Tell me: Am I a Republican since G. W. Bush - a Republican, in case you were unaware - is currently President of the U. S., particularly considering that the Republicans hold a majority in both Houses of the Congress? Also, does that mean that Bill & Hillary Clinton are now Republicans? Or, say, John Kerry and John Edwards? **** Gephardt? He a Republican, too? Jesse Jackson, Al Sharpton, and Louis Farrakhan, too, I suppose? Or so it must be in your philosophy.
Correspondingly, was I a Democrat back in the '90's when Bill was President?
Just because party X is in charge at the moment it does not follow that all the people in said country are members of party X. All too often the word "Nazi" (acronym from NAtional SoZIalistische Deutsche Arbiter Partei) is used entirely too synonymously for "German". Those who do so display a most potent shallowness in their thinking.
Hans Ulrich Rudel, he was a Nazi. Didn't drink, didn't smoke, vegetarian, health nut. The archetypical Nazi in every way. I respect his courage, but I despise him as a man.
That's why I prefer men such as Hartmann, Barkhorn, Rall and Krupinski. They were victims of the times, not believers in them. <HR></BLOCKQUOTE>

Ok well lest just drop the whole Hartman issue all together. it seem some are just very sensitive on the subject. it's getting too pollitical anyway.

As for Johannes Steinhoff and others after the war. Men can Change for the better. i am a firm beliver in that. And thankfully those men did. but even the sipmlest minded of men knows the differance from right and wrong.
Which ever they choose to follow rests soley upon each mans own best judgement. the whole of Germany were not nazi's. i never said they were. there was a Restance in the German poulation. It was common knowlage (from what i've read/watched) that most of the german officers in the Luftwaffe & Wermacht [spell?]
were well aware of what the party was doing in regards to the Jewish population. Now if these men, were not supportive of these actions why were they fighting to preserve them? Would not a man of this amount of courage take up arms against evil instead of fighting to suport it?
obvlously they knew the differnce in right and wrong. The fact that he served the Nazi controlled German goverment....weather or not
he held those same beliefs, or harbored the same
twisted moral convictions is irrelivent. By taking no adverse actions against things which he truely knew were wrong...and by supporting such things with his own actions made him the same as the men he served. IMO

In any case we should drop the whole Hartamn issue as i've led it too far off topic as it is.

csThor
10-07-2004, 01:51 AM
Copperhead your logic is faulty. Soldiers do hardly fight for political reasons - they mostly hear that they do fight for their country. Or do the US soldiers in Iraq fight to keep Bush in the Oval Office?

There were officers who were strongly pro-Nazi - Hans-Ullrich Rudel (who never changed until his death), Horst Carganico, maybe Gordon Gollob. Many sympathized with the NSDAP at first because the Nazis had overcome the Versailles Treaty (which all germans saw as an affront against Germany). The sympathy changed rather sooner than later - either because they knew of the atrocities or because they saw the incompetence of the Party.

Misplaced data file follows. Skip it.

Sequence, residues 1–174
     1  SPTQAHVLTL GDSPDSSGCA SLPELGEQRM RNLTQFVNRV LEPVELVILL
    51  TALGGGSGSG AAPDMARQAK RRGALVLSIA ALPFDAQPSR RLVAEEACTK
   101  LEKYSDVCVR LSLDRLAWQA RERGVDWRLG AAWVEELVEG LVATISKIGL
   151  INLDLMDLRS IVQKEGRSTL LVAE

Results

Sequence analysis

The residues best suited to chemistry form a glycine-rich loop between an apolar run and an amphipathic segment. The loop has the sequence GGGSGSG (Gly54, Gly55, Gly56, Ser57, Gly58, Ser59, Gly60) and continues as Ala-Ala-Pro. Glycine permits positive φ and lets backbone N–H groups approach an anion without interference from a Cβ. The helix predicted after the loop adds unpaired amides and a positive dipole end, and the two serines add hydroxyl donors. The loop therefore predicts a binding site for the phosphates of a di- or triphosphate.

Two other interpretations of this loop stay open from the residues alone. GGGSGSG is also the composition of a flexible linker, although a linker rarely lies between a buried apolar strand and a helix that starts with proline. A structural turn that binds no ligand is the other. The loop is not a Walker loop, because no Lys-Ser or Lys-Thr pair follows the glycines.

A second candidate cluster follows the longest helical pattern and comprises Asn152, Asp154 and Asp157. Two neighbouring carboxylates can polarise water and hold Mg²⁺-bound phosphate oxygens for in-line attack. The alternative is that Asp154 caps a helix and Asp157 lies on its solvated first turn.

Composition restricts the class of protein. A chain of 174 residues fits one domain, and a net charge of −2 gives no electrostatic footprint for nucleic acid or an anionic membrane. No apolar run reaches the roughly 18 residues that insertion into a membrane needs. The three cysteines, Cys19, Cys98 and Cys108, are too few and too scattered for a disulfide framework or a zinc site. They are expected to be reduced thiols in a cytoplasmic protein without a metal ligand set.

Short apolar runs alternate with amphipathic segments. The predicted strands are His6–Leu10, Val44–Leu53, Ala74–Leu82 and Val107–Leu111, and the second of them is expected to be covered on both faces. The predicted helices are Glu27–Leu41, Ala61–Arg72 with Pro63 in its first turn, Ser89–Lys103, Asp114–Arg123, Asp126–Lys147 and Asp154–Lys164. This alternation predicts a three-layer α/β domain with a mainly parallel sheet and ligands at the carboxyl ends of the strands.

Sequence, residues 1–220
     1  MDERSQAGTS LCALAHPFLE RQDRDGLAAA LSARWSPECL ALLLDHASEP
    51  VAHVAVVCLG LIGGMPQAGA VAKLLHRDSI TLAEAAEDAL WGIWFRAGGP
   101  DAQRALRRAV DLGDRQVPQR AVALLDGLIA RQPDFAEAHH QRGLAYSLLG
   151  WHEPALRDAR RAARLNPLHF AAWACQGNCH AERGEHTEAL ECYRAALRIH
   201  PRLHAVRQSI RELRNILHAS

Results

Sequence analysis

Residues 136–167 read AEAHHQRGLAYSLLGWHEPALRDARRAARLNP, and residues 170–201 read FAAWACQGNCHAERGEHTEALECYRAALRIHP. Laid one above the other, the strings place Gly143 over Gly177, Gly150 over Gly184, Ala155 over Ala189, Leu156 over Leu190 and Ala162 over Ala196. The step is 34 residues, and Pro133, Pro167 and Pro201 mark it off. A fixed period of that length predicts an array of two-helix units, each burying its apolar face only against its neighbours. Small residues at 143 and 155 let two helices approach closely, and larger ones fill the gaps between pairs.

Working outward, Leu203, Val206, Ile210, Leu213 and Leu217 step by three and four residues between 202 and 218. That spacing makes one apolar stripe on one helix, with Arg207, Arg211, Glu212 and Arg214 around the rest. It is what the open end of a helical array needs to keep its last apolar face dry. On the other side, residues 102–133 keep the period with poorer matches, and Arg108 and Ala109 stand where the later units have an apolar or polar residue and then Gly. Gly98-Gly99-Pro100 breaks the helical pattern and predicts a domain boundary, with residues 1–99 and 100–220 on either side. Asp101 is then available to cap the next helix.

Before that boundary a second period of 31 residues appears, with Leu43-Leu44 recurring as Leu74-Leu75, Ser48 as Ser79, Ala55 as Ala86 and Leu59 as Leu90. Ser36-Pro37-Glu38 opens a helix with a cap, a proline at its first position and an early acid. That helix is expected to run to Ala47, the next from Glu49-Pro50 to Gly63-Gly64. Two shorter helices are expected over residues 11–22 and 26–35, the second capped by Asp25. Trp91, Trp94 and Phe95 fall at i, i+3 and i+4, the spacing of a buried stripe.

http://forums.ubi.com/groupee_common/emoticons/icon_rolleyes.gif

k5054
10-07-2004, 02:05 AM
<BLOCKQUOTE class="ip-ubbcode-quote"><font size="-1">quote:</font><HR> OK so lets do the math.
@ 10 guns per aircraft
multiplyed by 291 US Bombers
comes to 2,910 M2 .50 cal HMG's.

but to be fair we'll multiply it by the number og gunstations. 6 Which is 1,746.
more than enough to mount a considerable defense. Now consider that they were most likley flying BOX formation.

Simple mathmatical logic sugests that it is not only possible....but very good chance they did shoot down that many.

(by the way you failed to mention how many German fighters were said to have been in the fight that day.)
<HR></BLOCKQUOTE>

Well, it doesn't matter how many guns or gun stations there were, some of those guys never saw a fighter. LW used to concentrate (if they could) on a small part of the bomber formation. Others used rockets to engage from outside effective range of the 50s. I don't think the US heavies on their best day got more than around 20 kills. Despite the LW fear of going through the boxes they didn't lose many a/c destroyed that way. Plenty of damage though. Only when an escort was present did german fighters suffer the kind of losses that would really hurt. Germany had around 1000 single-seat fighters in october and maybe 200 Zerstorers. If only 400 made contact with the bombers that means some problem with fighter direction or priorities. This was the beginning of the end for the LW defence fighters and they didn't see the problem, they still appeared to be winning, inflicting 20% losses for 5%.

Ruy Horta
10-08-2004, 06:00 AM
<BLOCKQUOTE class="ip-ubbcode-quote"><font size="-1">quote:</font><HR>Originally posted by SkyChimp:
How anyone could arrive at an overclaim ratio from what I posted I beyond me. To simply assume it was 2:1 or 3:1 or whatever simply isn't supported. As the report states, the conclusion is that overclaiming was relatively low.